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Examine the presentation of the ghost in 'Hamlet' and the differing reactions to him. How would a seventeenth century audience's response differ from one today?

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Introduction

'Angels and ministers of grace defend us/ Be thou a sprit of health or a goblin damn'd' Examine the presentation of the ghost in 'Hamlet' and the differing reactions to him. How would a seventeenth century audience's response differ from one today? The ghost in 'Hamlet' is the character that causes the initial conflict between Hamlet and Claudius and who introduces the revenge motif. The element of a paranormal being in the play makes 'Hamlet' much more exciting due to the fact that it is not just "real life" but has aspects of an afterworld which to the Elizabethan audience would be comforting and reassuring. The first sighting of the ghost in 'Hamlet' is in the opening Act and scene. Francisco is on watch on the gun platform of Ellsinore Castle. It is midnight and Barnardo comes to take over. Francisco is very happy to be relieved; it is bitterly cold and he feels 'sick at heart'. As he leaves, he encounters Marcellus and Horatio on their way to join Barnardo. Marcellus asks Barnardo whether 'this thing' (the ghost) ...read more.

Middle

It dwells luridly upon Gertrude's sexual depravity but then tells Hamlet not to think ill of her. The Ghost's moral code is a mass of contradictions, which could confuse Hamlet as to what exactly the ghost wants him to do. During this scene Shakespeare signals to the audience Hamlet's unfitness for the role of revenge hero by the clever use of a confused simile. In the quote from 'Hate me to know't, that I with wings as swift/ As meditation or the thoughts of love/ May sweep to my revenge' the middle part of the quote is deliberately out of place with the sentiments the situation demands. The Ghost's response is a cunning mixture of ironic praise and implied criticism: 'I find thee apt/ And duller shouldst thou be.../ Wouldst thou not stir in this'. 'Dullness', and a feeling of failure to live up to what is expected of him, is something that Hamlet castigates himself for a number of times before being sent to England (with Rosencrantz and Guildenstern) by Claudius halfway through Act 4. The Ghost's narrative of the murder is graphic and gruesome in its horrible details. ...read more.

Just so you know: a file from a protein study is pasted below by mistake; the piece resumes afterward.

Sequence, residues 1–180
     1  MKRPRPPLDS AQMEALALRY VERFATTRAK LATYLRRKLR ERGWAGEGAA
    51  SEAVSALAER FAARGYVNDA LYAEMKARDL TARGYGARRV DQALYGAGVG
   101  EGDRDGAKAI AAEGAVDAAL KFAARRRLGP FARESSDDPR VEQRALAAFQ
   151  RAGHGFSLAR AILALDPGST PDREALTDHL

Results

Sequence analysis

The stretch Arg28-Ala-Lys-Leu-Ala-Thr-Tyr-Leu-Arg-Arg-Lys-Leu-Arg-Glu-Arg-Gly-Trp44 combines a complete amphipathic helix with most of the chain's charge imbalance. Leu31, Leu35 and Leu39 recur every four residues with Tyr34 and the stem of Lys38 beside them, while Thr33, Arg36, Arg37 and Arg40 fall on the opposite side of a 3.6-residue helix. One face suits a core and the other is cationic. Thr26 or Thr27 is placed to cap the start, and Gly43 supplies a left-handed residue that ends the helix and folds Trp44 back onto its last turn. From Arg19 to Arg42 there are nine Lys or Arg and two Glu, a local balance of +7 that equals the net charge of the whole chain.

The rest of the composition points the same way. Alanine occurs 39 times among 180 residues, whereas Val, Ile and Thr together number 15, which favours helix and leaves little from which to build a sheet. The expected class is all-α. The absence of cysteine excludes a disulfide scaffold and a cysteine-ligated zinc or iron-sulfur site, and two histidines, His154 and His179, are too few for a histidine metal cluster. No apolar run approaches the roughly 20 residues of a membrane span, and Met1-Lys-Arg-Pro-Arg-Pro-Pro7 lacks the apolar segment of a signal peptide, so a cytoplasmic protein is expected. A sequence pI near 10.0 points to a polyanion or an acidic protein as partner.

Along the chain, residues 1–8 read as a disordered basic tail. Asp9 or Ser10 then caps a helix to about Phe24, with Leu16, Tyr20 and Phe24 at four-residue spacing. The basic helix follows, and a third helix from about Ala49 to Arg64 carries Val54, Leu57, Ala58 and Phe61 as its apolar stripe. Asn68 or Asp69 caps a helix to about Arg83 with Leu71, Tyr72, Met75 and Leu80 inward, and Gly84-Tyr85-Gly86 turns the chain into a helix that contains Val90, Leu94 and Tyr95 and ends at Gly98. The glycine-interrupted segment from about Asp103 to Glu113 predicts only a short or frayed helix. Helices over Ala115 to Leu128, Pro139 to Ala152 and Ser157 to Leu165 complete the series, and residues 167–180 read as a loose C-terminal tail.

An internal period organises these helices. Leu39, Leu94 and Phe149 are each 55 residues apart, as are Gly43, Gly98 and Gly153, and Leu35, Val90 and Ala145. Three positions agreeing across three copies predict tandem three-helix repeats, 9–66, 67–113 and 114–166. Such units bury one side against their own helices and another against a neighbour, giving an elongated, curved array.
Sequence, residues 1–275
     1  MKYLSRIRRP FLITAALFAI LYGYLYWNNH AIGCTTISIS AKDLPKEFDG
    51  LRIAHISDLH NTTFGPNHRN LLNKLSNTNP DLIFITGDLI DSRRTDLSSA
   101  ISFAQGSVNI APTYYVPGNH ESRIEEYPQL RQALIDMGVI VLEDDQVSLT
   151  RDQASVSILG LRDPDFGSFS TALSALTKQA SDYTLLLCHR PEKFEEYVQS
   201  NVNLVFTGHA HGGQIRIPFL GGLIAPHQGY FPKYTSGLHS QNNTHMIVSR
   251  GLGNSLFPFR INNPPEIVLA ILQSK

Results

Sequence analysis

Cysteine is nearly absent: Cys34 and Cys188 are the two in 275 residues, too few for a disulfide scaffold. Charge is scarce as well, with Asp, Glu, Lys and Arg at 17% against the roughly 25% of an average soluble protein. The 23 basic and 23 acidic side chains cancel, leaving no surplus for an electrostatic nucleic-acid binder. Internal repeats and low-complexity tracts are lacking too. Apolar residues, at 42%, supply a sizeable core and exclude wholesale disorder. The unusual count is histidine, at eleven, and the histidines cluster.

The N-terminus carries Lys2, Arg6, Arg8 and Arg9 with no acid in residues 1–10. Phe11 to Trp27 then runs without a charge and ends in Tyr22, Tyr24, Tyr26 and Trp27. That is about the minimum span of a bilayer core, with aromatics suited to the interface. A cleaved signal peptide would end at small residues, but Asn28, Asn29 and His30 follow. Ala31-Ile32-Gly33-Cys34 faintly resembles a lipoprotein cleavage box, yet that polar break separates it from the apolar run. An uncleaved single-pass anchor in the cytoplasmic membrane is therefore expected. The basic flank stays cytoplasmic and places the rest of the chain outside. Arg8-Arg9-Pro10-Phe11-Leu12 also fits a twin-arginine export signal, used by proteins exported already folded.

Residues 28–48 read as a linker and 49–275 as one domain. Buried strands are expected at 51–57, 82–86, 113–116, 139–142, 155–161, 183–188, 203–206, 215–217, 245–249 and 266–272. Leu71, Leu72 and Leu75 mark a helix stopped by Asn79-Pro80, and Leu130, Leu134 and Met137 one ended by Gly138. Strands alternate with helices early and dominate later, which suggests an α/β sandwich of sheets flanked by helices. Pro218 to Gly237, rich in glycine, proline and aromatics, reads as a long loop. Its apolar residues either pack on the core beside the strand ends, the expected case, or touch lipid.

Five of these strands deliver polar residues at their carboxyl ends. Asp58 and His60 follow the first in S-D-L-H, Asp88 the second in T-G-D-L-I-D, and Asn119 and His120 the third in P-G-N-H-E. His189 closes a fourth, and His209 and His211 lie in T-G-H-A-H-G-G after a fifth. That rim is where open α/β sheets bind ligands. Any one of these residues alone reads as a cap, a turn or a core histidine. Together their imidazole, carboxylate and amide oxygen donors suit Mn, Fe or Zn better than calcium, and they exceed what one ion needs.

Conclusion

Hamlet kills Polonius who was eavesdropping on Hamlet and his mother's conversation by accident as he thought it was the King. The lack of remorse for his actions shocks Gertrude as she talks of it as a 'bloody deed' but Hamlet manages to throw back the phrase at her and retorts in a jeering couplet: 'A bloody deed? Almost as bad, good mother, / As kill a king and marry with his brother'. When the ghost appears, this time not 'in complete steel' but 'in his habit as he lived' only Hamlet can see it and Gertrude believes Hamlet is still mad. For the Elizabethan audience the appearance of the ghost in 'Hamlet' would scare and frighten the audience immensely. Unlike today Elizabethan theatregoers would not have access to television and horror films so any representation of the supernatural would be terrifying for them. A historical writer at the time even tells of how an audience ran out of a theatre because they thought the ghost on stage was real! Today with the advances in technology and special effects on television a modern day audience would have a much less response on seeing the ghost in 'Hamlet' because they feel comfortable in knowing the ghost is just being played by a human actor. ...read more.

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